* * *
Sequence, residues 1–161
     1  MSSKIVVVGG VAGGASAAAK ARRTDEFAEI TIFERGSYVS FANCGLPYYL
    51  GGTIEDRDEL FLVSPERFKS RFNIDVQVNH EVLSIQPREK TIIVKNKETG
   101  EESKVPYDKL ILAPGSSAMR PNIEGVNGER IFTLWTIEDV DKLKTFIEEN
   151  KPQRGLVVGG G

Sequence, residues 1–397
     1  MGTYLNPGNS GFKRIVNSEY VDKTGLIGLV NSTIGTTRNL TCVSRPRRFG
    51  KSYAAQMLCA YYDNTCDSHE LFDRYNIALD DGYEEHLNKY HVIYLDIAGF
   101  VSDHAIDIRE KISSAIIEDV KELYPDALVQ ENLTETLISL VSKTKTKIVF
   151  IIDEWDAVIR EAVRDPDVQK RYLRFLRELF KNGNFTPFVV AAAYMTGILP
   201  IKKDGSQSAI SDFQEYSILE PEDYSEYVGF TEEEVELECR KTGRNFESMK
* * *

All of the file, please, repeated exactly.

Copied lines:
Sequence, residues 1–161
     1  MSSKIVVVGG VAGGASAAAK ARRTDEFAEI TIFERGSYVS FANCGLPYYL
    51  GGTIEDRDEL FLVSPERFKS RFNIDVQVNH EVLSIQPREK TIIVKNKETG
   101  EESKVPYDKL ILAPGSSAMR PNIEGVNGER IFTLWTIEDV DKLKTFIEEN
   151  KPQRGLVVGG G

Sequence, residues 1–397
     1  MGTYLNPGNS GFKRIVNSEY VDKTGLIGLV NSTIGTTRNL TCVSRPRRFG
    51  KSYAAQMLCA YYDNTCDSHE LFDRYNIALD DGYEEHLNKY HVIYLDIAGF
   101  VSDHAIDIRE KISSAIIEDV KELYPDALVQ ENLTETLISL VSKTKTKIVF
   151  IIDEWDAVIR EAVRDPDVQK RYLRFLRELF KNGNFTPFVV AAAYMTGILP
   201  IKKDGSQSAI SDFQEYSILE PEDYSEYVGF TEEEVELECR KTGRNFESMK